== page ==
MANAGING AN INJURY TO THE MOUTH.
The fractured tooth – Many blows to the mouth result in fractures, which although damaging, usually do not result in loss of the tooth. Most fractures do not require immediate dental attention; however, if you see a red spot at the center of the tooth this could indicate exposure of the nerve. Your dentist will explain the appropriate treatment option for your child. Those could range from repairing the tooth with a white filling (bonding), a porcelain veneer or a crown. Some teeth may actually need root canal treatment. The good news is that most of these teeth can survive in the patient’s mouth for many years.
The displaced tooth – Sometimes the force is so great that the tooth can be moved out of its position. If this occurs, a dentist should be consulted with urgency. Sometimes the tooth can be gently moved back into position. This is done under local anesthesia for the patient’s comfort. On other occasions, an orthodontist may be required in order to help reposition the tooth. Your dentist will have to closely monitor the tooth with x-rays and a special diagnostic test to determine the life of the tooth. Displaced teeth may get dark, often a sign that the nerve has died. Root canal and whitening procedures can be done to bring these back to their original esthetic state.
The lost tooth – In these situations, you will most often see more blood. The first thing to remember is not to panic. If at first you do not see a tooth on the ground, have the child rinse with water and look into the mouth for displaced or fractured teeth. Remember, the child will be very agitated so it is important for adults to remain calm. If the tooth is found on the ground, DO NOT grab the tooth by its root. Carefully grasp the crown portion (the portion that is normally seen when one smiles) to pick it up. If the tooth is free of dirt, the best treatment is to replant it immediately into its socket, call your dentist and hold the tooth in place until you have reached the dentist’s office. The chances of preserving your child’s tooth without long-term damage are very good when the tooth is replaced in its socket within 15 minutes. If someone on the scene cannot replant the tooth, the tooth should be stored in a special tooth-preserving solution. Examples of these are Hanks’ Balanced Salt Solutions (HBSS) www.lifetechnologies.com and Save-A-Tooth www.saveatooth.com. Never store the tooth in tap water, saliva or even milk as these will permanently damage the tooth’s root.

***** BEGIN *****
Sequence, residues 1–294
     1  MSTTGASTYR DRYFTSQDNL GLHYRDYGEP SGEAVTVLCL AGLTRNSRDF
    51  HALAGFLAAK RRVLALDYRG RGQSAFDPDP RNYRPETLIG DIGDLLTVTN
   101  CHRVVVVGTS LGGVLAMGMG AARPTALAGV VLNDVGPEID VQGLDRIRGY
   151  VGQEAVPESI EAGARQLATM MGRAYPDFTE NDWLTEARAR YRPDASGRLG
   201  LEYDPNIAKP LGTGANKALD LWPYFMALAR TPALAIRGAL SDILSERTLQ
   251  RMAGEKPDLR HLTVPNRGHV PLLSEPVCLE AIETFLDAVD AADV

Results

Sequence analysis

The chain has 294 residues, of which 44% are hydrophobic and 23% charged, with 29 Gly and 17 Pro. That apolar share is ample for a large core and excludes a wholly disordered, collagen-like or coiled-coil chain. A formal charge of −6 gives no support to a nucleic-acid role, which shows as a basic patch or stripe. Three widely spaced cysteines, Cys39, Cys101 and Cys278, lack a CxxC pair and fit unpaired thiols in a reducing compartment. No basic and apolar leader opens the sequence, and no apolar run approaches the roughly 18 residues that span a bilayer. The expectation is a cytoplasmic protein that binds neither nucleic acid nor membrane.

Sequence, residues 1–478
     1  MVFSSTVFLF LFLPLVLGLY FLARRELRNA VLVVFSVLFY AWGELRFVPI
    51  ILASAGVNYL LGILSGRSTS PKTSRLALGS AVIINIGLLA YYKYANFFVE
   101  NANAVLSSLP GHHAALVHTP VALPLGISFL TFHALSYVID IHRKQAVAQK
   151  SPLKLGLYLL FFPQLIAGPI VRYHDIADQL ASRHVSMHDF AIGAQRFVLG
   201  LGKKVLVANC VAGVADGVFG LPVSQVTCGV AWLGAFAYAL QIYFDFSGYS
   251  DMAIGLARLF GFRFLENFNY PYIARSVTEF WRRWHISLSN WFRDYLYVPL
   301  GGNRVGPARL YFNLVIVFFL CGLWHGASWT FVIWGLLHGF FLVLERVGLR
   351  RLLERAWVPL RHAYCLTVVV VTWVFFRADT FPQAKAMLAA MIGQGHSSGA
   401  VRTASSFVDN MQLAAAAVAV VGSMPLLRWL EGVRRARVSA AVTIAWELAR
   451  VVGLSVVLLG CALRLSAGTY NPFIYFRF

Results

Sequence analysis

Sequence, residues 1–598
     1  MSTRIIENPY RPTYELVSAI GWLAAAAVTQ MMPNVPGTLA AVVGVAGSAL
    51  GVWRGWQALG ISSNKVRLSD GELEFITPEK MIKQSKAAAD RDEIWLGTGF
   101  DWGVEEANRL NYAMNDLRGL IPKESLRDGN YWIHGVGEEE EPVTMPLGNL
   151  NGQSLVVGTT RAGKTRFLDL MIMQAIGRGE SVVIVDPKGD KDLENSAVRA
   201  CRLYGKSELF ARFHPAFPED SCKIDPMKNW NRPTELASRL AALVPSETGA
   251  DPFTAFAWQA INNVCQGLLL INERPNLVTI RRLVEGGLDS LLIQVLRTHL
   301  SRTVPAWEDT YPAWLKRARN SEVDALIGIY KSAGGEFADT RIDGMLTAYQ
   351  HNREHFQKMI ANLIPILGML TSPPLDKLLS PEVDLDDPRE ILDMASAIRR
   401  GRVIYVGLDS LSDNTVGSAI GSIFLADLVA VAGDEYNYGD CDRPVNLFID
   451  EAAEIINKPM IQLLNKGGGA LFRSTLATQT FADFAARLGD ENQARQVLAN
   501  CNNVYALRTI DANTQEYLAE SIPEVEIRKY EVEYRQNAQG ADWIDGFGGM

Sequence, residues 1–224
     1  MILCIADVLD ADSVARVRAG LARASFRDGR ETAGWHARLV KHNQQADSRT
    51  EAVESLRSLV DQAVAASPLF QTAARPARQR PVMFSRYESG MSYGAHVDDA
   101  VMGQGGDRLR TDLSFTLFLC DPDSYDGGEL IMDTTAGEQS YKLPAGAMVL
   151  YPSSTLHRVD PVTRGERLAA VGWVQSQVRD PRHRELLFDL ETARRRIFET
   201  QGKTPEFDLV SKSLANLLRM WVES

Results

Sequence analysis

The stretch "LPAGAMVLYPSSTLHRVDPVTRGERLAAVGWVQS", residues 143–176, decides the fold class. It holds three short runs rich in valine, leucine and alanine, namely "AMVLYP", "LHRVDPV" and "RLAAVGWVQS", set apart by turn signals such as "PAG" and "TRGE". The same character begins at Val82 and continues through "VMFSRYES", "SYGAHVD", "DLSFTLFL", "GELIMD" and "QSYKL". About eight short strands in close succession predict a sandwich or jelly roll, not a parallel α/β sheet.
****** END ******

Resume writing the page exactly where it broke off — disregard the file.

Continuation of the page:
The cost of replacing a missing tooth can be upwards of $3,000. A mouth guard is the best preventative measure. Your dentist can help discuss the different options available. It is important that parents, coaches, athletic trainers, school nurses, police, emergency medical personnel and others have a plan in place for the treatment of lost teeth and include the special tooth-preserving solution as part of all first aid kits. Traumatic injuries to the face may cause other damage such as bone fractures or facial lacerations that need immediate medical attention. In these cases, first responders will transport and treat the patient, but someone at the scene of the accident must take charge and locate, preserve and transport lost teeth. With a proactive approach, years of frustration can be avoided.
Jorge R. Blanco, D.D.S. is an expert in the field of cosmetic dentistry. In practice for more than twenty four years, he is currently the only dentist accredited with the American Academy of Cosmetic Dentistry (AACD) south of Palm Beach. Since 2004, Dr. Blanco has been a clinical instructor with the Rosenthal Aesthetic Advantage Program at NYU and taught the General Dental residents at Mount Sinai Medical Center in Miami Beach. Active in community affairs, his practice, which is under the name of Images Dentistry since 2004, is located on Red Road in South Miami.